______________________________________Composition of the reagent liquid______________________________________Glucose oxidase          10     kuPeroxidase               20     ku4-Aminoantipyrine        150    mgN-Ethyl-N-(2-hydroxy-3-sulfopropyl)-                    200    mg3,5-dimethylaniline0.15M phosphate buffer (ph 7.0)                    2      ml4% Hydroxypropylcellulose solution                    3      g50 wt % Solution of titanium oxide                    1      g______________________________________

On a support film having a series of through holes each having a diameter of 4 mm and covered with a thermoplastic resin, the porous film sticks were placed with the reagent layer upside covering one of a pair of holes with each stick, and thermocompression bonded. Over each of the other hole of the pair of holes and the respective reagent layers, strips of filter paper each having a width of 10 mm were placed and thermocompression bonded to the support. Then, along the lines between the adjacent two pairs of holes, the laminated film was cut to form assay devices.

For comparison, an assay device was prepared by using a transparent non-porous film in place of the transparent porous film.

On the sample-holding layer of each assay device, 20 μl of whole blood containing glucose in various concentrations was dropped. After one minute, the reflectance at the wavelength of 630 nm on the reagent layer was measured from the porous film side through the hole with an integrating sphere type reflectometer. From the reflectance, the K/S value was calculated according to the simplified Kubelka-Munk equation:

K/S=(1-r).sup.2 /2×R

in which K is a constant, S is a scattering coefficient, and R is reflectance/100. The K/S value is linearly proportional to the molar concentration of glucose in the blood (cf. Gustav-Kortum, "Reflectance Spectroscopy", 106-111, Springer-Verlag, 1969).

The results are shown in Table 1.

              TABLE 1______________________________________Glucose  Present invention                    Comparativeconcentration    Reflectance               K/S      Reflectance                                 K/S(mg/dl)  (%)        value    (%)      value______________________________________ 0       94.5       0.002    96.3     0.001 75      43.6       0.365    70.8     0.060158      29.7       0.832    63.5     0.105290      17.6       1.929    60.3     0.131386      12.8       2.970    59.8     0.135533       9.0       4.601    59.4     0.139______________________________________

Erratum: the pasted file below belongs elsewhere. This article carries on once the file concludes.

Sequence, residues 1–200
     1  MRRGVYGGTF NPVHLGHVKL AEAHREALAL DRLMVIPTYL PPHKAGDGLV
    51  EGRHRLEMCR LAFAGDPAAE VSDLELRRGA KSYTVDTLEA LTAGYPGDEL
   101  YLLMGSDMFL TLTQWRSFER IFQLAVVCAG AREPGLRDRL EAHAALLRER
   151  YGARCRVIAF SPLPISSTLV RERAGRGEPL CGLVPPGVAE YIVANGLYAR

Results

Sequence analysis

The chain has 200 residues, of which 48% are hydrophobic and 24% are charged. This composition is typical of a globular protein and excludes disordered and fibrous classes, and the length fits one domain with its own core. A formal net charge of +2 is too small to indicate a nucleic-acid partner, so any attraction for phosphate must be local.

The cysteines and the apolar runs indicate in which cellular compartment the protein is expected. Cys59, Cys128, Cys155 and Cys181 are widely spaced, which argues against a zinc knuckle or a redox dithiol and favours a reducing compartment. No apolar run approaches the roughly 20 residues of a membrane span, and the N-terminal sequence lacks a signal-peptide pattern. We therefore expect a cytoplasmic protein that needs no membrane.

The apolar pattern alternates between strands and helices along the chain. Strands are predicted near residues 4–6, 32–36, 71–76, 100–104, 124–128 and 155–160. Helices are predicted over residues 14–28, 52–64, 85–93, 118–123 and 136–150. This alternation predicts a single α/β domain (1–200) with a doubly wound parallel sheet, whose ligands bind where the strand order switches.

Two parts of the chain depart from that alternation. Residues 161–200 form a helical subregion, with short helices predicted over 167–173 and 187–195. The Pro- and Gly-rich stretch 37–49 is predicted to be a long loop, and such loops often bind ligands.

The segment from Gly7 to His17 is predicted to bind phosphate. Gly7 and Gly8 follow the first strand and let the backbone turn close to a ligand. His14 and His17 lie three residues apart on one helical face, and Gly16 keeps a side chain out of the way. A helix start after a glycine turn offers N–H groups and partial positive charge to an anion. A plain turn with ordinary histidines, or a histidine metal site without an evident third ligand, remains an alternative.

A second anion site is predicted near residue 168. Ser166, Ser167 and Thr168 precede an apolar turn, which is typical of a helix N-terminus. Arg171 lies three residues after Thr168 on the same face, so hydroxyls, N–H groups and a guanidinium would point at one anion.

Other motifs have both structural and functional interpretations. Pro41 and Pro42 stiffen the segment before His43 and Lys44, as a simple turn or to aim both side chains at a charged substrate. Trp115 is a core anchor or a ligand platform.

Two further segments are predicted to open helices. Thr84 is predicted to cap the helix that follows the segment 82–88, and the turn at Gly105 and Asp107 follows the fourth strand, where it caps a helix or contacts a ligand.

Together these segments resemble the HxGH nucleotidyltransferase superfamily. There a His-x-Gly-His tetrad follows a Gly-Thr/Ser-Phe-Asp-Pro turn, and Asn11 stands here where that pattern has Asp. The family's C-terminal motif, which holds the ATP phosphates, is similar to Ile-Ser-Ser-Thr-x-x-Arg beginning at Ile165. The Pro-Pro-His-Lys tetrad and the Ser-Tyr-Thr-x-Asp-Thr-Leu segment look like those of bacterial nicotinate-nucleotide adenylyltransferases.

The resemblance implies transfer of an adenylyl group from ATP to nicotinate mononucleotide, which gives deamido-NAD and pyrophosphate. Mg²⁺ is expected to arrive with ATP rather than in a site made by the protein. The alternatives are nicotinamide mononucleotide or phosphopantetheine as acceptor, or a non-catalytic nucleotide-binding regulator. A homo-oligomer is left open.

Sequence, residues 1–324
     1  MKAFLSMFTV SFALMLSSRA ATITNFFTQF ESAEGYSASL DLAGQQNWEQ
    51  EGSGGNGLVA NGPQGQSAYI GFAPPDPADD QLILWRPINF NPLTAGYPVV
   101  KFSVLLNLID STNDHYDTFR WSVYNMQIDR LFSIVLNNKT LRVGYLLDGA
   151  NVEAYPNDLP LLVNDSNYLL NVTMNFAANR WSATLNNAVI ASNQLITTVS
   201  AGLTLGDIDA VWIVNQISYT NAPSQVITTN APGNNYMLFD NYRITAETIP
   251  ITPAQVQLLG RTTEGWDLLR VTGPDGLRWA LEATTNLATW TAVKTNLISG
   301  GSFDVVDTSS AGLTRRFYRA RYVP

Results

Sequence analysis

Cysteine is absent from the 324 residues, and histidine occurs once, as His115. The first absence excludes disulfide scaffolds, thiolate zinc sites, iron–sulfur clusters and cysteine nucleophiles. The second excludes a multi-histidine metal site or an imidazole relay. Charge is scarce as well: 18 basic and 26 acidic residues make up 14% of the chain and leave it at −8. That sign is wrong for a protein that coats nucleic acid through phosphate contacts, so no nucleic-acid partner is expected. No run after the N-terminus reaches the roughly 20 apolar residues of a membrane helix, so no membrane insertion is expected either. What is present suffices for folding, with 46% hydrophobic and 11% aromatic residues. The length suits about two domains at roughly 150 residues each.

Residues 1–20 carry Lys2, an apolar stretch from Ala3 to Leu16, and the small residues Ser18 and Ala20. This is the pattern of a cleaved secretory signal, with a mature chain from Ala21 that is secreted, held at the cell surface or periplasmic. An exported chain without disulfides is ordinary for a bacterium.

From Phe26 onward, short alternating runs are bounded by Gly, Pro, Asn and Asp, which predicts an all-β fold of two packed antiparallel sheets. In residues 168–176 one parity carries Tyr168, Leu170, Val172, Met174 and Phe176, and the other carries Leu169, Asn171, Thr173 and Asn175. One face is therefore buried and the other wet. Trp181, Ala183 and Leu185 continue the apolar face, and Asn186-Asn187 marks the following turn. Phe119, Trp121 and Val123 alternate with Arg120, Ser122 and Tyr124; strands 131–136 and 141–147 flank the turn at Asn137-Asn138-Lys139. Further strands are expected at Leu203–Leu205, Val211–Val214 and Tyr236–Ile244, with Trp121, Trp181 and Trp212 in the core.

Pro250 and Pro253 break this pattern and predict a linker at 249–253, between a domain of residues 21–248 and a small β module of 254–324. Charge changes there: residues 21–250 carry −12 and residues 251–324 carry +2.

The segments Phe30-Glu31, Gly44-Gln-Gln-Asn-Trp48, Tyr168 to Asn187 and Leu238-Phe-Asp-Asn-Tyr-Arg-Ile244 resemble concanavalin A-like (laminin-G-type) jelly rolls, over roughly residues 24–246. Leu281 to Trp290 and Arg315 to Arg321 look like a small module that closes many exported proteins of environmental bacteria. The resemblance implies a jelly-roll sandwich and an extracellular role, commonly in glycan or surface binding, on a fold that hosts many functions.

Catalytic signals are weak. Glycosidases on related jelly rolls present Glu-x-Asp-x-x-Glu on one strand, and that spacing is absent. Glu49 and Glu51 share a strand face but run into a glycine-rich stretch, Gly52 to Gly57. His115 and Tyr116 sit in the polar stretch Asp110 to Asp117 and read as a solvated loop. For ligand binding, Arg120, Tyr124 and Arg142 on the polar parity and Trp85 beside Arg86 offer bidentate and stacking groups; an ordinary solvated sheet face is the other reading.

With the assay device of the present invention, the K/S value increased in proportional to the glucose concentration, while with the comparative assay device, the K/S value did not increase in proportional to the glucose concentration above the concentration of about 150 mg/dl.

Example 2

On a transparent porous film (Juraguard) having a thickness of 25 μm, a reagent liquid having the following composition was applied to a dry thickness of 200 μm and dried at 40° C. for one hour. Then, the assay device was prepared in the same manner as in Example 1.

______________________________________Composition of the reagent liquid______________________________________Lactate oxidase           990    uPeroxidase                23     ku4-Aminoantipyrine         50     mgN-Ethyl-N-(2-hydroxy-3-sulfopropyl)-                     200    mgm-toluidine0.3M phosphate buffer (ph 7.0)                     2      ml4% Hydroxypropylcellulose solution                     3.7    g50 wt % Solution of titanium oxide                     1.2    gNonionic surfactant (10% Triton X-100)                     0.5    ml______________________________________

For comparison, an assay device was prepared by using a transparent non-porous film in place of the transparent porous film.

On the sample-holding layer of each assay device, 20 μl of whole blood containing lactic acid in various concentrations was dropped. After one minute, the reflectance at the wavelength of 560 nm on the reagent layer was measured from the porous film side through the hole with an integrating sphere type reflectometer, and the K/S value was calculated as in Example 1.

With the blood plasma obtained from the whole blood by centrifugation, the same measurement was done.

The results are shown in Table 2.

              TABLE 2______________________________________     Present invention                     Comparison     Whole blood              Plasma     Whole bloodConcentration       Re-            Re-        Re-of lactic   flect- K/S     flect-                           K/S   flect-                                      K/Sacid        ance   value   ance value ance value______________________________________ 9          66.8   0.083   63.8 0.103 72.8 0.05120          50.6   0.241   48.7 0.270 58.6 0.14643          32.8   0.688   32.0 0.723 48.3 0.27775          20.3   1.565   18.8 1.754 41.0 0.42597          15.0   2.408   13.9 2.667 39.3 0.469108         13.2   2.854   12.3 3.127 38.7 0.485______________________________________

With the assay device of the present invention, the K/S value increased in proportional to the lactic acid concentration both for the whole blood and the plasma, while with the comparative assay device, the K/S value did not increase in proportional to the lactic acid concentration above the concentration of about 75 mg/dl.

The invention being thus described, it will be obvious that the same may be varied in many wats. Such variations are not to be regarded as a departure from the spirit and scope of the invention, and all such modifications as would be obvious to one skilled in the art are intended to be included within the scope of the following claims.